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Effects of maternal exposure to social stress during pregnancy: consequences for mother and offspring

Research output: Contribution to journalReview article

Original languageEnglish
Pages (from-to)R175-R189
Number of pages15
JournalReproduction
Volume146
Issue number5
DOIs
Publication statusPublished - Nov 2013

Abstract

A suboptimal in utero environment, for example, as a result of maternal stress, can have detrimental effects on the pregnancy and long-term adverse 'programming' effects on the offspring. This article focuses on the effects of prenatal social stress on the mother, her pregnancy and the offspring, since these issues have ethological relevance in both animals and humans. The consequences of social stress exposure depend on when during pregnancy the stress occurs, and many of the effects on the offspring are sex specific. Social stress during early pregnancy tends to result in pregnancy loss, whereas stress exposure later in pregnancy, when the mother has already invested considerable resources in the foetuses, results in programmed offspring of low birth weight: a risk factor for various adulthood diseases. Neuroendocrine and behavioural responses to stress in the offspring are particularly sensitive to foetal programming by prenatal stress, indicated by enhanced hypothalamo-pituitary-adrenal (HPA) axis responses and increased anxiety behaviour, which result from permanent changes in the offspring's brain. The dysregulation of HPA axis function may also interfere with other systems, for example, the hypothalamic-pituitary-gonadal axis, as there is evidence for alterations in steroidogenesis, reproductive potential and impaired reproductive/social behaviours in prenatally stressed offspring. Prenatal social stress also programmes future maternal behaviour, highlighting the potential for negative phenotypes to be transmitted to future generations. The possible mechanisms through which maternal stress during pregnancy is transmitted to the foetuses and the foetal brain is programmed by prenatal stress and the potential to overwrite programming of the offspring are discussed.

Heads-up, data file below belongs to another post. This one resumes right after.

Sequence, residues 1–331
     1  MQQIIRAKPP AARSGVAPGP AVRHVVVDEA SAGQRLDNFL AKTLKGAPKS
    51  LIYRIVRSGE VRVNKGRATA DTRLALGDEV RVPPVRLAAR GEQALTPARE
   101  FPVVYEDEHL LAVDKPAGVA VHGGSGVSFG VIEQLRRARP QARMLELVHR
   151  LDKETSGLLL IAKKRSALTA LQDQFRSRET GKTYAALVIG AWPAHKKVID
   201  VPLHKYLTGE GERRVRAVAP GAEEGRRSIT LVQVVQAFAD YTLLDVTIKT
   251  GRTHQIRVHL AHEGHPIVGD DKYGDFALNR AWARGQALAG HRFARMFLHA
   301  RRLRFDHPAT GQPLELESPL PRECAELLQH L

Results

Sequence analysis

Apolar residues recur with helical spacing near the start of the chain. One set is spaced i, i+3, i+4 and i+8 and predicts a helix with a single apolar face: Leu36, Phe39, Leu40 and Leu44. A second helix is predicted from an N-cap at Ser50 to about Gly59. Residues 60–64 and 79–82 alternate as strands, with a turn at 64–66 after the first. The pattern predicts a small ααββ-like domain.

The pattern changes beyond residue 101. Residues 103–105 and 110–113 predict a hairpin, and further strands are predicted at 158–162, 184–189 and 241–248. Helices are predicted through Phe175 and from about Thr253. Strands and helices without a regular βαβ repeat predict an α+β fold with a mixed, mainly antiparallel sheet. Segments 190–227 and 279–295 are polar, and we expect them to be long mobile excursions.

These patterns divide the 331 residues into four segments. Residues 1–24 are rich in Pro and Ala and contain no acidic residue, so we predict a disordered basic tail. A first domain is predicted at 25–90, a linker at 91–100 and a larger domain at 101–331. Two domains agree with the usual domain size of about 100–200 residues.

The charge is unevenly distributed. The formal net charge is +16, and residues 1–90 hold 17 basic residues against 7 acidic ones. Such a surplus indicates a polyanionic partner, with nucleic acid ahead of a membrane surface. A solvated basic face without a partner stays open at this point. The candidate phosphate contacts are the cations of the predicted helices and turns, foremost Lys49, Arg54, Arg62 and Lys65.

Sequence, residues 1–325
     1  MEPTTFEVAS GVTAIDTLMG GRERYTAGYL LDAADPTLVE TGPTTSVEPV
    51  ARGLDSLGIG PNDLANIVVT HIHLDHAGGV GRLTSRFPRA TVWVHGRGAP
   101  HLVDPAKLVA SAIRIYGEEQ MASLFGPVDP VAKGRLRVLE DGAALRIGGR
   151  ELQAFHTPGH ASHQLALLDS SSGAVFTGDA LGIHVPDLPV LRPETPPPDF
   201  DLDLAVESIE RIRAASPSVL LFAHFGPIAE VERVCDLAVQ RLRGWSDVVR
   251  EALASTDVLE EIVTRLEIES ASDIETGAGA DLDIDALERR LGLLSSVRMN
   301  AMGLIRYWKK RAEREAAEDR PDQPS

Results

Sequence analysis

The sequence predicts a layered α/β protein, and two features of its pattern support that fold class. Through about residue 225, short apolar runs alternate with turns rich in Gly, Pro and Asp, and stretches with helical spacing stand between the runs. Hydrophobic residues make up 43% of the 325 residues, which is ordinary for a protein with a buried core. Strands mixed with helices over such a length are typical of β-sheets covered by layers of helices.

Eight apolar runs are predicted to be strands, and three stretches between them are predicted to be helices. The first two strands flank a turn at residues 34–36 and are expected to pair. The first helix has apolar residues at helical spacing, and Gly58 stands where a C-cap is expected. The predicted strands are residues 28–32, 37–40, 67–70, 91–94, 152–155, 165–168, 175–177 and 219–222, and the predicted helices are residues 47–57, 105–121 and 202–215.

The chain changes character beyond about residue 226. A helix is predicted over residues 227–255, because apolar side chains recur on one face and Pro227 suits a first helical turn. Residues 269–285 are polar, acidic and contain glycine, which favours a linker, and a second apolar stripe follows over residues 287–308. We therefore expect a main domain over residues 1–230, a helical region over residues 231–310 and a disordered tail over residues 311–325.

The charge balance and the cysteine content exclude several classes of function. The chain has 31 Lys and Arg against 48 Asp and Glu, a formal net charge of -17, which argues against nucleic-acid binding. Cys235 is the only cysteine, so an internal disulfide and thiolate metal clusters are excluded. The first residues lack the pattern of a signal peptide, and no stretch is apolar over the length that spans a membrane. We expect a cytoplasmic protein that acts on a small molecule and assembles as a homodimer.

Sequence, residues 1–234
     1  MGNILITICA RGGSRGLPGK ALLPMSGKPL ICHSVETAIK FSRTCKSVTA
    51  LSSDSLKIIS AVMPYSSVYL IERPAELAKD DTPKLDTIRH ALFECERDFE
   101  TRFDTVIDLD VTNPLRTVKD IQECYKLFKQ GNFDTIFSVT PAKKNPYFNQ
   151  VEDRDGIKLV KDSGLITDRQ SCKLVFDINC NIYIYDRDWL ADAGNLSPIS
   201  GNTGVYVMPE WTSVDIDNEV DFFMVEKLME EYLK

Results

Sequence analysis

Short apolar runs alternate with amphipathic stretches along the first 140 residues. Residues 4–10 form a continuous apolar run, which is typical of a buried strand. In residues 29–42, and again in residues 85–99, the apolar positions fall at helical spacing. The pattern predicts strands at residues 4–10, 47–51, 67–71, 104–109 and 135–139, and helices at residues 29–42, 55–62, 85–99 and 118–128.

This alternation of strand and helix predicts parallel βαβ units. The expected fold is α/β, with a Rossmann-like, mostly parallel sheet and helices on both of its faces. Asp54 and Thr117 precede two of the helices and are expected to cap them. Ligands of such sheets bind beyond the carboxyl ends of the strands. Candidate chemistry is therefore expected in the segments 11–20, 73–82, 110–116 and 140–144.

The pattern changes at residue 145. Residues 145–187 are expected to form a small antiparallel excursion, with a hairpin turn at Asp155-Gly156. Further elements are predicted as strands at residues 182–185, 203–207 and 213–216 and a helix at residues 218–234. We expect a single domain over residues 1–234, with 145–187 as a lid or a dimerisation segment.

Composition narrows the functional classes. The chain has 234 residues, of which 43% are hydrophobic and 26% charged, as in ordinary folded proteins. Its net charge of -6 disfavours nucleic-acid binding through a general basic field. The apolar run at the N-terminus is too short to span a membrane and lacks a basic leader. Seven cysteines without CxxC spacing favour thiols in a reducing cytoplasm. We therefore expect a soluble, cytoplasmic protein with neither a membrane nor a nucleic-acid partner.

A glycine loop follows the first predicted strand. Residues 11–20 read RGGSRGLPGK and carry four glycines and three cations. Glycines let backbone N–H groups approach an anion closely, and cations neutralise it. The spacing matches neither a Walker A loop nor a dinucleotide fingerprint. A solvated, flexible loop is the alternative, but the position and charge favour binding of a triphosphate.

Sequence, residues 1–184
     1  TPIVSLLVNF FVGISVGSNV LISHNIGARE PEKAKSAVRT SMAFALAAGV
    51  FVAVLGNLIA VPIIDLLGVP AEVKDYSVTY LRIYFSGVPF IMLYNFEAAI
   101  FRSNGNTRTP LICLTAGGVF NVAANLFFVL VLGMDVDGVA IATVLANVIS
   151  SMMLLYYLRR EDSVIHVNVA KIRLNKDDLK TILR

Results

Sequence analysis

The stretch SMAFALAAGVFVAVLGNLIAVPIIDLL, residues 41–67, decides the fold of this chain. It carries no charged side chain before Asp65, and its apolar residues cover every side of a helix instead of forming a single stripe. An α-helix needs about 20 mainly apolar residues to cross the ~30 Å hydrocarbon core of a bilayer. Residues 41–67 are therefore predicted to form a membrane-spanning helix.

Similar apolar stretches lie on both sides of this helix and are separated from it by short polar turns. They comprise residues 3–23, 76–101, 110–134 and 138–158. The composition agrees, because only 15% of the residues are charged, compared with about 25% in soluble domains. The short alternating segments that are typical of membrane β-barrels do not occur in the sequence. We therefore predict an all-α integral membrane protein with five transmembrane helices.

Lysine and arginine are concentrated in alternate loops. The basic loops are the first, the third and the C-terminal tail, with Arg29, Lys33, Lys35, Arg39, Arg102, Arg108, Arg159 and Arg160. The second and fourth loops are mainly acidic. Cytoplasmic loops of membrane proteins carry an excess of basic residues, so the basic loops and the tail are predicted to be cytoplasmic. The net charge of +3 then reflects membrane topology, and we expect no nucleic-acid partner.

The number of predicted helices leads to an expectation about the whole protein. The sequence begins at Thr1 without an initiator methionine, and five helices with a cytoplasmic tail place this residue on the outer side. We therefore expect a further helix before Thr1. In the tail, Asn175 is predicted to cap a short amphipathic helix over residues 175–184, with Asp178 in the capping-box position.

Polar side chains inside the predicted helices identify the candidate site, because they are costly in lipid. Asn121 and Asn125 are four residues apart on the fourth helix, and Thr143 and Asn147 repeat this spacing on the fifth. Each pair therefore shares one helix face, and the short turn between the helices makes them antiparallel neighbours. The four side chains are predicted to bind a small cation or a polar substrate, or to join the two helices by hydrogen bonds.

Research areas

  • PITUITARY-ADRENAL AXIS, CORTICOTROPIN-RELEASING HORMONE, CENTRAL OPIOID INHIBITION, DEPRESSION-LIKE BEHAVIOR, LOW-BIRTH-WEIGHT, PRENATAL STRESS, FEMALE RATS, ADULT-RATS, LATE-GESTATION, MESSENGER-RNA

ID: 11292703